The operation - done five years ago - caused the woman harm, pain, risk and anxiety, Singapore's medical watchdog concluded.
Dr Cheah Way Mun, 65, who practises at The Eye Centre at Mount Elizabeth Medical Centre, has also been made to pay for the cost of the hearing.
The Singapore Medical Council (SMC) said Dr Cheah used "inadequate", "improper and/or erroneous" measurement techniques when performing cataract surgery on the patient in 2009.
"Dr Cheah had caused harm to his patient, who had to undergo the pain, risk and anxiety of a second operation to correct the mistake," it said in a statement.
The doctor had also not taken into account an earlier measurement of her short-sightedness, which gave a different figure.
The woman, 58, had needed correction for severe myopia of about 1,300 degrees, but received a lens for myopia of about 400 degrees.
Following the surgery, she could not see properly with her left eye, and returned to see Dr Cheah five times within the space of a month.
Her poor eyesight after the surgery should have alerted Dr Cheah that the lens he had implanted was incorrect, said SMC. It was only on the fifth visit that he told the patient that he had put in the wrong lens.
He then apologised and offered to do a second operation to correct the mistake, without charge.
SMC's disciplinary committee, chaired by Professor John Wong, said that Dr Cheah had been slow to rectify his mistake.
It said: "As important as it is for a doctor to not make a mistake in the first place in the management and treatment of a patient, it is equally, if not more, important that if the doctor unfortunately does make a mistake, the doctor will quickly find out and promptly tell the patient about it."
Such misconduct damages public confidence, it added, and an unequivocal message that it cannot be condoned must be sent.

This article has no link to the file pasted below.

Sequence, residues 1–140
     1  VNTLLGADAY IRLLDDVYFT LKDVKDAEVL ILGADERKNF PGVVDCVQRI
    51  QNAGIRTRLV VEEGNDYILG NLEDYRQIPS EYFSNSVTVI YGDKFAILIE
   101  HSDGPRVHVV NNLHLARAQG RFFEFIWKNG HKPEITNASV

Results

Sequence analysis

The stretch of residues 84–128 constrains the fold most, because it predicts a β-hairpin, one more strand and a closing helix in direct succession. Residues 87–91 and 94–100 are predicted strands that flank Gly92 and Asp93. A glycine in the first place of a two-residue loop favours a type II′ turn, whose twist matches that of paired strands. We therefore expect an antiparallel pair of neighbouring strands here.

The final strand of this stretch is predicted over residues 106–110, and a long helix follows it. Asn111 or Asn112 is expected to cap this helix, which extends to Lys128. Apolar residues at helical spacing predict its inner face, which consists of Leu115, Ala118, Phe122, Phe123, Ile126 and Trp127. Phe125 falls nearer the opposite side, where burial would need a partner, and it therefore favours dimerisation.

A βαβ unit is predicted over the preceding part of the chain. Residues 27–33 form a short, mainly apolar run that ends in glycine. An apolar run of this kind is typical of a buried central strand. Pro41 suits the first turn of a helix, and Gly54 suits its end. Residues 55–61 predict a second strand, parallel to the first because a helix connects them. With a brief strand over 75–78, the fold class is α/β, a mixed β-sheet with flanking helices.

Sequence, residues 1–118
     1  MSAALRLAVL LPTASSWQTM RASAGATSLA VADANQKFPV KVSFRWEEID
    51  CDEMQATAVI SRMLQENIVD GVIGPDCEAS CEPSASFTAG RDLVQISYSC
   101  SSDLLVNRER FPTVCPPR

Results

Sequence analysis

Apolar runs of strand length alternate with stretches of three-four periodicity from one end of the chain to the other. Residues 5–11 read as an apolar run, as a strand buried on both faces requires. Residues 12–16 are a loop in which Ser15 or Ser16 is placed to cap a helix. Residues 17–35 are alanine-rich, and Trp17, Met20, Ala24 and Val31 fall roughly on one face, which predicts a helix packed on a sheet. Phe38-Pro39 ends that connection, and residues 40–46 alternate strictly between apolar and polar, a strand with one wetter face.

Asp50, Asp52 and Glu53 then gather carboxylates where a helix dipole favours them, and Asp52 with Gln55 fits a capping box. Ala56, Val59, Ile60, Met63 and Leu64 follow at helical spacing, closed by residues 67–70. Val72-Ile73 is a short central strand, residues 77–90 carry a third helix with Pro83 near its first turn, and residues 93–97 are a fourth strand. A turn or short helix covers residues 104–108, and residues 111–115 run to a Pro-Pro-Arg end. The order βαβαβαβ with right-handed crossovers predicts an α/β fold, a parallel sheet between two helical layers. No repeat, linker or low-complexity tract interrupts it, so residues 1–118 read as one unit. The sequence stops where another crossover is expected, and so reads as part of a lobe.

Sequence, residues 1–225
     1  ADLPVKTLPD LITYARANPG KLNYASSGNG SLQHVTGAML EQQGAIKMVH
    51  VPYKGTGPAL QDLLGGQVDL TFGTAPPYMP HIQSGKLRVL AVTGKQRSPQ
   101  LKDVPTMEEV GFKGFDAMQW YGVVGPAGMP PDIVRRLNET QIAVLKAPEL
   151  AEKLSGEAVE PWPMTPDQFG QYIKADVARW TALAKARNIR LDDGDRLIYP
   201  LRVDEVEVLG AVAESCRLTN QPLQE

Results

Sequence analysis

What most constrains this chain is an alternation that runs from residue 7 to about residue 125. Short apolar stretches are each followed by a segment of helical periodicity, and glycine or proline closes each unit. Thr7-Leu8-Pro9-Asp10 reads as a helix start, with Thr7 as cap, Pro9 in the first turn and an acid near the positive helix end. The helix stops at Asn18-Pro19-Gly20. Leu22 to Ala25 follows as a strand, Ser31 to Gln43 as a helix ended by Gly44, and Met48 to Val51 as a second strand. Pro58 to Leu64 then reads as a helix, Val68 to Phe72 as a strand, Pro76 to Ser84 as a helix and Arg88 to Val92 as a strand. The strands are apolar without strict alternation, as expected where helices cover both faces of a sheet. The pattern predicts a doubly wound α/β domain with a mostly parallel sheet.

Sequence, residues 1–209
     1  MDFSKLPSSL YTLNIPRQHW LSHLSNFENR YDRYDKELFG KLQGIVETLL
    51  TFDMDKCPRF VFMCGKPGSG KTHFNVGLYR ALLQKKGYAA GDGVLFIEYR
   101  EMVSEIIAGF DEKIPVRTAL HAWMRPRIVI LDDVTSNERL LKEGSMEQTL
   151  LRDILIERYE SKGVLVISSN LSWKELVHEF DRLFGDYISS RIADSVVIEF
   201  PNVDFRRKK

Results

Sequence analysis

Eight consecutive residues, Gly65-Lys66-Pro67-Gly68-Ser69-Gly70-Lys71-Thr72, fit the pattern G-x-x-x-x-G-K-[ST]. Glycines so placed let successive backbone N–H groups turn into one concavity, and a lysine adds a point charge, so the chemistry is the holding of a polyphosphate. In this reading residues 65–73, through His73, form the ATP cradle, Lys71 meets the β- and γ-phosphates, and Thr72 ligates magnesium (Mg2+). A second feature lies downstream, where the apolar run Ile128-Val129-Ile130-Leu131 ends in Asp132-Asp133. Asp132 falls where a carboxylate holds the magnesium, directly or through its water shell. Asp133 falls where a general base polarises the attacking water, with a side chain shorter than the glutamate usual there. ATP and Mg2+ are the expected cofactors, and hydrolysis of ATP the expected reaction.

In mitigation, however, the committee noted that Dr Cheah had a long and unblemished record. It said that he had pleaded guilty and expressed remorse, and that the committee had no reason to doubt his sincerity.
But it did note that this mitigation was "somewhat diluted" as he "pleaded guilty at a very late stage of the inquiry".
Fortunately, the SMC added, the patient "was well after the second operation, and no permanent injury was caused to her".
But the woman's husband, Mr Bernard Huang, told The Straits Times that her eyesight never recovered fully.
Even when she wears spectacles, vision from her left eye - where the wrong lens was implanted - remains blurred.
"It's like looking through a car windscreen in the rain with no wiper," he said.
He was also upset that the doctor had initially refused to admit there was a mistake. He said that Dr Cheah told his wife that she needed to wear corrective spectacles, insisting that an improvement of only 300 degrees in the eye - leaving 1,000 degrees to be corrected by spectacles - was normal.
The implanted lens was supposed to do away with the need for high-prescription glasses.
It was only because they persisted in returning to the clinic every few days that the doctor finally told them he had made a mistake. The last straw was when Dr Cheah told the couple that they could sue him if they were unhappy with his treatment.
Mr Huang said: "Everyone makes mistakes and if he had told us that and apologised, we would not have pursued the matter."
This article was published on May 3 in The Straits Times.
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